What is your definition of a photograph?
Is it the unadulterated image you snap through the lens of your camera, or your artistic interpretation of the scene? Do you believe you should present a picture As Is, warts and all, oversaturated and uncropped, or is it okay to touch it up with filters and photo editing tools?
I once dated a woman who believed a photo was only “real” if it was untouched. I, on the other hand, contended that it was perfectly okay to manually touch up a picture using readily available tools and technology if doing so improved the quality of the image. She so passionately (and stubbornly) believed she was right, we actually got into arguments over it. To her, editing a photograph was “cheating,” and in doing so, you are compromising the integrity of your image. “The sky didn’t look that blue in real life,” she would say.
But you know what? People don’t have red pupils in real life, either. The “red eye” effect is the result of the flash reflecting off blood in the choroid of the eye. We think nothing of fixing this when developing (or nowadays, uploading) photos. So what’s wrong with enhancing the sky or softening the shadows? Instagram takes this concept and runs with it. The few photos that are displayed naturally are often accompanied by the #nofilter hashtag. Pretty much everything else has been touched up to some degree. I don’t see any harm in that. To me, photographs are art – a creative expression unique to the person behind the lens. They are meant to evoke a mood, and making them “warmer” or “cooler” can help complement the background scenery.
Clearly, you can tell I’ve been playing around with photos lately. ‘Tis true. Here’s en excellent example, two versions of a photo I took in downtown Portland in September.
See what a dramatic difference a little editing can make? I think it improved the photo immensely. Is it “cheating,” as that ex would insist? Or is it enhancing something that was there all along? I guess you’ll have to be the judge of that. All I know is, I’ll make manual improvements to a photo every single time if the end result turns out that stunning. I also think there’s a fine line, and you don’t want to overdo it. A little editing is great, but too much just makes your shot look cartoony. Finding that balance is key.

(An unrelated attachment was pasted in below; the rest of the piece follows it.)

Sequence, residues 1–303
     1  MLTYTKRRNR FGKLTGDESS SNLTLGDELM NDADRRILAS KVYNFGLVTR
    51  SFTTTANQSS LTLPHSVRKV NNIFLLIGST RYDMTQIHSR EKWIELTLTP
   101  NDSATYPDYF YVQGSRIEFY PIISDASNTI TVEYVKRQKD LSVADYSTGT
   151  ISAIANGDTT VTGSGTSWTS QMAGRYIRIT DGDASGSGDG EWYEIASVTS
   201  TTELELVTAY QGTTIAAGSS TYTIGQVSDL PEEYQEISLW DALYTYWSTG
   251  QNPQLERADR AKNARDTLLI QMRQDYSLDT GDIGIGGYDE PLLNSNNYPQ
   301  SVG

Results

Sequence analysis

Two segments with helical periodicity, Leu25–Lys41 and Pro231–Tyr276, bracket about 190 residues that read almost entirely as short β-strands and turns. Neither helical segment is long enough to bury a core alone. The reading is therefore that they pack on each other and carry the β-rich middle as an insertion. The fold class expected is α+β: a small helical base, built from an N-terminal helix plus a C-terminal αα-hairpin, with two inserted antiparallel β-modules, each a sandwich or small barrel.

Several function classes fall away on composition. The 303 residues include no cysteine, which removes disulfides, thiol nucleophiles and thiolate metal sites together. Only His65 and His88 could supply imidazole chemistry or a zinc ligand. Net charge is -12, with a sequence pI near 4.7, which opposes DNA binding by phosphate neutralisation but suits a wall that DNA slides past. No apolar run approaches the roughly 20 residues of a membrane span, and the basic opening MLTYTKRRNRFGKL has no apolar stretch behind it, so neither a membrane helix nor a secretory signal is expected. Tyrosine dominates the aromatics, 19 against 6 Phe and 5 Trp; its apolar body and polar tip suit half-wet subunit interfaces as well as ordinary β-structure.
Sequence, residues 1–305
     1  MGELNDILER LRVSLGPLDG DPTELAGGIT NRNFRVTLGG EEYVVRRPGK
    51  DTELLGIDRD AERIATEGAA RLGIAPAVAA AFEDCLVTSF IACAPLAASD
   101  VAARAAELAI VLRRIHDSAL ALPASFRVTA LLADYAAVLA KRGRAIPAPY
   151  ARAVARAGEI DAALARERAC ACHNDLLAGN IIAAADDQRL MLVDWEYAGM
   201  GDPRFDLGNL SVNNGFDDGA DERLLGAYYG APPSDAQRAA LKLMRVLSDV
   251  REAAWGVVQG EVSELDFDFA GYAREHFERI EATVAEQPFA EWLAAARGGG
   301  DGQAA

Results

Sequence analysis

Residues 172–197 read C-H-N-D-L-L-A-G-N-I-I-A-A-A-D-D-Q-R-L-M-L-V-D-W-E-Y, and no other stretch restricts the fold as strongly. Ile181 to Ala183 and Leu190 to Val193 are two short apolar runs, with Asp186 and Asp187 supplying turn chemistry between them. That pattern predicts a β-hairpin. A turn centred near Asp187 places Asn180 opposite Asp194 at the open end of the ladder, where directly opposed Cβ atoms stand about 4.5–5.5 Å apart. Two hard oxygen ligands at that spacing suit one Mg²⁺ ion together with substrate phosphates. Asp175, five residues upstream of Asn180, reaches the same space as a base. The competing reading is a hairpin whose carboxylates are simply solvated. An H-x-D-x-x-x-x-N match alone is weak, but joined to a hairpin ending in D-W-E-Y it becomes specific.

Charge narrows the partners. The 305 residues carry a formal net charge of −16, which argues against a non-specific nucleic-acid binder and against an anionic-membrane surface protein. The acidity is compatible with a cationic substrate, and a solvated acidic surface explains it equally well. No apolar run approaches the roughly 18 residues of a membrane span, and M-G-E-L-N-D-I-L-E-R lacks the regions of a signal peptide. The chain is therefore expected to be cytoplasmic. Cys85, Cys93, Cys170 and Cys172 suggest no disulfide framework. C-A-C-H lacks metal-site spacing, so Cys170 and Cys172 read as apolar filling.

Speaking of stunning, Saturday night we got all cultured up. We had been wanting to do something special with Audrey, and Tara stumbled upon a concert by a dance troupe called iLumiDance. I’d have a tough time describing them, but if I had to try, I’d call them contemporary dancers who utilize glow sticks, black lights, and other props to tell a unique story. Sounded interesting enough, so Tara bought tickets. That’s when she discovered the show was in Salem, rather than Portland. Oops.
In the overall scheme of things, not a huge deal. Salem’s about an hour south of us. And it was a Saturday night. I decided to set aside my initial skepticism and embrace the evening as an adventure. Which is exactly how it turned out. We arrived in Salem around 5 PM, two and a half hours before showtime. But it was overcast, and the sun had already set. As much as we wanted to explore the city – I’ve only ever passed through a couple of times, usually on my way to the coast – we figured we wouldn’t have much of a chance at sightseeing. Until we found the state capitol building. Even though I’ve lived here almost exactly 19 years (tomorrow’s my anniversary), I had never even seen the building. Well, the way it was lit up after dark, with the sky a purple post-sunset glow, made it appear quite stunning. Check it out. (This photo is NOT touched up in any way – though it could be (and was for Instagram).
We wandered around the grounds for quite a while, stopping to check out a reflecting pool, a Walk of Flags, and a miniature version of the Liberty Bell. All quite impressive. Then we ducked into a Mexican restaurant and ordered margaritas to kill some time.Had a nice “adult” type chat with Audrey. (It’s still weird that I no longer see my kids every other week). Finally, we headed to the Elsinore Theater, an elegantly restored historic theater dating to 1926. It was beautiful inside, and the show itself was thrilling – an expertly choreographed three-act performance complete with intermissions and an orchestrated version of Metallica’s “Nothing Else Matters.” I can’t say I’m a big dance fan, but this really grabbed my attention and held my interest. Tara was near tears, and Audrey was equally impressed. It turned out to be a real fun time. Afterwards, we stopped at Jack In The Box for a late night meal on the ride home. Audrey stayed the night. We had pumpkin pancakes and sausage for breakfast the next morning, hung out for a while afterwards, then I took her home. Watched the Broncos/Chiefs game in the evening. Made chicken tortilla soup. Our team won.
It was a nice weekend.